Wherever a cross-street wider than ordinary crossed Broadway, forming a more or less open space, leading retail stores clustered, and office buildings sought sites. The Broadway crossing of Twenty-third Street and Fifth Avenue came into unusual prominence near the turn of the century through the erection of the fourteen-story Flatiron Building, then the tallest sky-scraper and the best advertised, the disorder wrought in ladies’ skirts by the winds playing capriciously against its sides being the stuff of which songs were made in the days when women’s ankles were seldom seen by men. In the scramble for that once famous but now somewhat neglected corner, the property, then containing one three-story building and one two-story building, was bought for $690,000 in May, 1899, and sold a month later for $800,721, a neat profit for one month’s holding on 4,001 square feet of golden earth. The Madison Square area had long been a fashionable residence district; and it included the Fifth Avenue Hotel—New York’s finest—on the site of the present Fifth Avenue building at the northwest corner of Fifth Avenue and Twenty-third Street. Here was another case of better class business tagging better class homes and hostelries.

An affinity appears between department stores and residences: a repulsion between department stores and office buildings. Cherchez la femme! Macy’s moved from Fourteenth Street to Herald Square, Thirty-fourth to Thirty-fifth on Broadway, at the Sixth Avenue crossing, in 1901. Until that time Herald Square had been grossly neglected, and Macy’s got what was considered a bargain in its lease, which ran for four twenty-one-year terms. In the same month Saks & Company bought the Lawrence property, a block of old buildings just below Macy’s, for about $1,650,000. Another “quick killing” for speculators, who, sensing the impending changes in Herald Square, had picked up the property thirty days before and realized $150,-000 profit at no investment.

The huge middle-class department stores, in moving to Herald Square, broke away from the lead of fashionable society, which business had been following all the way from City Hall Park. The crossing of Broad-way and Fifth Avenue at Madison Square split trade into two streams: specialty shops and stores for the rich keeping on up Fifth Avenue, while the large emporiums for the plain people went to Herald Square on Sixth Avenue. But if retail trade on the Broadway line lacked the company of wealth, it continued to have for some years the gaiety of the theater. Slowly the theaters moved northwest. Then, quite suddenly, the night life of the town began to cluster around the present Times Square (then Longacre Square) at Forty-second Street.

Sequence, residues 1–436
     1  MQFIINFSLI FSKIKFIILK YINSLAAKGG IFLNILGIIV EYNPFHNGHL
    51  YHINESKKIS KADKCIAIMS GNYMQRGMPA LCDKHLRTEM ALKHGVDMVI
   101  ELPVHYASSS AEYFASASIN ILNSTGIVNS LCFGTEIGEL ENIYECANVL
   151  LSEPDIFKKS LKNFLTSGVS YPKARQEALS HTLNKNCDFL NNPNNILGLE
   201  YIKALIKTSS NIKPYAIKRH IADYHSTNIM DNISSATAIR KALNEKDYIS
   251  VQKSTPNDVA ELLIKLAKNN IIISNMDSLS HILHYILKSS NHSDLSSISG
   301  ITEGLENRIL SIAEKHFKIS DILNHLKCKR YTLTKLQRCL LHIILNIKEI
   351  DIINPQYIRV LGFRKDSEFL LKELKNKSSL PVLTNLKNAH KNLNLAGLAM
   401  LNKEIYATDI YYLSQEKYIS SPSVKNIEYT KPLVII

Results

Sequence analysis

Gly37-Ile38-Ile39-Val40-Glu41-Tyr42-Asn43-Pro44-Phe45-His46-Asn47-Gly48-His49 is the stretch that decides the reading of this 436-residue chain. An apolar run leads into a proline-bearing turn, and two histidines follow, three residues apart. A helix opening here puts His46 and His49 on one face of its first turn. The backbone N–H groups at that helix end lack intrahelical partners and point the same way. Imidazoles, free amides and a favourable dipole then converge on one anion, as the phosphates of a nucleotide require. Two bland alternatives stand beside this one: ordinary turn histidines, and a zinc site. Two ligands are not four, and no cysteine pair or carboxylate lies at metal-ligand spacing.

The transaction which gave Times Square the basis for its new name occurred in 1902, when the agents for the New York Times bought a small part of the triangle and subleased from the florist, Thorley, the Pabst Building, which he had erected in 1898 on a 105-year leasehold at $8,000 a year. Though only four years old, the Pabst Building, a nine-story brick and stone hotel structure, was demolished to make way for the new Times Building, whose owners agreed to pay Thorley $25,000 a year for ten years and $27,500 for the remaining ninety-one years of this leasehold. Mr. Thorley and his heirs, after devoting some fifteen years of their revenues to defraying the cost of his building, have since enjoyed a most secure income of $19,500 a year from this source alone. The owners of the land fare worse than the Thorleys for the next sixty-nine years, but thereafter, unless the land laws are disturbed in the meantime, they can recover a considerable slice of the profits obtainable from the rise of Times Square. The coming of the Times, and the prospect of subways made many fortunes in this area. Property values doubled from 1901 to 1902, and kept marching for years afterward, as Times Square developed the busiest nine corners in the world.

Here we may as well take leave of the Broadway artery since to follow the north-running thoroughfare indefinitely would monopolize this entire book. Broad-way slumps noticeably eight blocks above Forty-second Street and in spite of the near presence of several large office buildings, Columbus Circle has never quite arrived. Logically it should be the next theater center, but attempts to force that advance have met with complete failure. Farther north, Broadway, after a few blocks of automobile showrooms, becomes increasingly a thread on which are tied at intervals shopping centers for the immediate wants of a vast population. Food stores, motion picture houses, small shops, apartment houses, a few hotels which are either old substantials running down or new shoddies enjoying a brief luster, border a Broadway scarcely recognizable to the mil-lions who know Broadway as a glamorous name.

Against the invisible barricade at Fifty-third Street —or is it the quite visible elevated?—the theater district broke in vain. After Winthrop Ames’ great fiasco with the Century at Sixty-second Street, the theatrical men decided to let well enough alone, and by mushrooming out into the side streets below Fiftieth made the compact theatrical district of the present, which with a few outlying spores runs from Eighth to Sixth Avenue above Forty-second Street. Here the American stage struts its stuff, and unless something unforeseen happens to New York’s subway system, this is where your children will attend such first nights as really matter. Oh, yes, there are miles of Broadway above Columbus Circle, but no one cares about that unless he happens to own land there or is otherwise prejudiced.